Many observers want to know where the green building market is heading, but if anyone is studying it in a truly scientific way, they’re keeping the results to themselves. Online surveys are a common way of gathering data on the cheap, and results from three such surveys were released at Greenbuild 2007 in Chicago in November. Despite small sample sizes and some vague questions, the results offer a reality check for the green building market.
All three surveys were conducted online, which means that those who have a strong position to share are most likely to respond—though in some cases the researchers offered incentives to offset this trend. Only one report, from
Building Design & Construction
) magazine, provided its response rates. The other two—one from Autodesk and The American Institute of Architects (AIA) and the other from the Building Owners and Managers Association (BOMA) International and Real Estate Media—each had just under 400 respondents from an undisclosed sample size.
s “Green Buildings Research White Paper” includes the results of its fourth annual survey, sent to a sampling of its mailing list and returned by 630 respondents, for a 6.3% response rate. The ability to track responses to the same questions over the past four years makes the
survey more useful than most. It reveals trends one might expect, such as a steady—but not dramatic—increase in the respondents’ self-reported experience with green projects. Along similar lines, the number of respondents who reported having “trouble sourcing or obtaining green building products” dropped from 55% to 31% over the four years.
In spite of persistent claims to the contrary from green advocates, 86% of respondents believe that it costs more to build a green building—and not just by a little. Most of those said at least 6% more, and a large group said over 15% more! For comparison, data reported in past issues of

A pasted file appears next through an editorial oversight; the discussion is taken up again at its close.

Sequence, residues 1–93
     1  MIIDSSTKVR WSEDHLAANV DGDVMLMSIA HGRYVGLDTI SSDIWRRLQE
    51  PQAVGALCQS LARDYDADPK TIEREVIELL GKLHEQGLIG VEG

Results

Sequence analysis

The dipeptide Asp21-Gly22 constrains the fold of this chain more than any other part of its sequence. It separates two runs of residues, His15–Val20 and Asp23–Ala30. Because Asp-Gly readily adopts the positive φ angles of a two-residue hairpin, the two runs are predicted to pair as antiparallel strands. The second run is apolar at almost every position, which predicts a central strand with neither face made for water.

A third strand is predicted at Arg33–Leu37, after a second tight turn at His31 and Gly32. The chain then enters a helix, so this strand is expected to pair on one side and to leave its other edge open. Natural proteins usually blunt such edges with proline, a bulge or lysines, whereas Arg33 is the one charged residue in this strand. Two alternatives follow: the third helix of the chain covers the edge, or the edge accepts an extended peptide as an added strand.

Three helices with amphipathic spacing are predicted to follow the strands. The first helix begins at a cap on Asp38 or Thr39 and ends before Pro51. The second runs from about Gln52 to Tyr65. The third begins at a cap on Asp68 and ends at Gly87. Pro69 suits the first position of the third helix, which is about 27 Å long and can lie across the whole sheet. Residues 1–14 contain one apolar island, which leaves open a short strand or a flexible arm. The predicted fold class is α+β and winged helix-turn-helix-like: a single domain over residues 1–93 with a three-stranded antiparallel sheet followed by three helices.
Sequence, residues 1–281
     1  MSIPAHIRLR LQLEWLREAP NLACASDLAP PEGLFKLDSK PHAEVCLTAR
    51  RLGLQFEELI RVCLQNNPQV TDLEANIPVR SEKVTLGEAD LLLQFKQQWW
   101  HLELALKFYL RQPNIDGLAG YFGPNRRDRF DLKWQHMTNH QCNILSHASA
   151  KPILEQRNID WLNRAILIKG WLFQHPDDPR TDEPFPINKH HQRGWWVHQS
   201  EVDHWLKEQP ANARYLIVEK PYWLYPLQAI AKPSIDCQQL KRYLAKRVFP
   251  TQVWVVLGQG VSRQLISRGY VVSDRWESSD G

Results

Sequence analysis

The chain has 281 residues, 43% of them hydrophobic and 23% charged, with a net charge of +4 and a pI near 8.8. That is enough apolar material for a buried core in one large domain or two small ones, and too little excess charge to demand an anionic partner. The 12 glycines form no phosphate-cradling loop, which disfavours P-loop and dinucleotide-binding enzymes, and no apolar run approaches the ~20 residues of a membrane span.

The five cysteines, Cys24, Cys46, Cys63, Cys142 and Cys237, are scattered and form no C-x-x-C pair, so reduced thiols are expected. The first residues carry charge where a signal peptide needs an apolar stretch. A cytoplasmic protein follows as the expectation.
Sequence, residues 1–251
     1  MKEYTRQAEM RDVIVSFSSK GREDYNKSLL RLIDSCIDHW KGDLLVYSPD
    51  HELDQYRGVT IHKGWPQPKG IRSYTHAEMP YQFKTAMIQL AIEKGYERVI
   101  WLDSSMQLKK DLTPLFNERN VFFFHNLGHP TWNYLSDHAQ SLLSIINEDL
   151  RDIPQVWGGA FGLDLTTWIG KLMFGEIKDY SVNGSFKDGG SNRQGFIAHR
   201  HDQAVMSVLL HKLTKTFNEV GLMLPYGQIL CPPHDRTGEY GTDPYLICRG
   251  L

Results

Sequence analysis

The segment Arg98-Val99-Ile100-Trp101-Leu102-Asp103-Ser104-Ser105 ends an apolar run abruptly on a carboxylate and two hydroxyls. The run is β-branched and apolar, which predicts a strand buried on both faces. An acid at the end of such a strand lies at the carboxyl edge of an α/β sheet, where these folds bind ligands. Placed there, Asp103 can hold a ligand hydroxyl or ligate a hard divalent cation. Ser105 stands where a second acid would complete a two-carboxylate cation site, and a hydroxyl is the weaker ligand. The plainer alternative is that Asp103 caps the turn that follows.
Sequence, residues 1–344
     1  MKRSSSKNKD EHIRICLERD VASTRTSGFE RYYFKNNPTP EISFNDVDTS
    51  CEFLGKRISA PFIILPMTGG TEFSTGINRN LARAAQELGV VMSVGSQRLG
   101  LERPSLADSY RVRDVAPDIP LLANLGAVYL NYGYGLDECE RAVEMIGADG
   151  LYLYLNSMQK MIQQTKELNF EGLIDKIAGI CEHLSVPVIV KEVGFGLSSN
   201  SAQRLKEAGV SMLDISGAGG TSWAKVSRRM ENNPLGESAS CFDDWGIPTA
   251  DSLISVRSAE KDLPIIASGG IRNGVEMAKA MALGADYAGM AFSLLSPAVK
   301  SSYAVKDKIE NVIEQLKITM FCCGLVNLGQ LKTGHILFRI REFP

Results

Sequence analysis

suggests that an experienced team can deliver a green building for a 0%–2% premium. Nevertheless, the number of respondents who predicted that green building activity in their firm would increase in the next two to three years grew significantly.
The two other surveys contain much less usable information, either because the questions are too vague (AIA/Autodesk), or because the response options were poorly selected (BOMA). The AIA/Autodesk report, for example, highlights the choice of “high-efficiency HVAC systems” as the most important green design option but failed to define “high efficiency” or acknowledge that it is a moving target. On a more specific question—“Do you currently measure the carbon footprint of your projects?”—a surprisingly high 10% answered “yes.”
The BOMA study found that 91% of companies have “0% to 25%” of their building stock LEED certified, which is hardly actionable information. More interesting is the fact that green facilities of BOMA respondents are nearly 70% offices, as opposed to other building types, and those offices are roughly evenly split between downtown and suburban locations.
For more information:
Green Buildings Research White Paper, October 2007
Available at www.bdcnetwork.com (registration required)
The 2007 Autodesk/AIA Green Index, November 2007
Available at www.autodesk.com/green
The 2007 Green Survey:
Available at www.globest.com/images/greensurveyresults07.pdf
January 1, 2008
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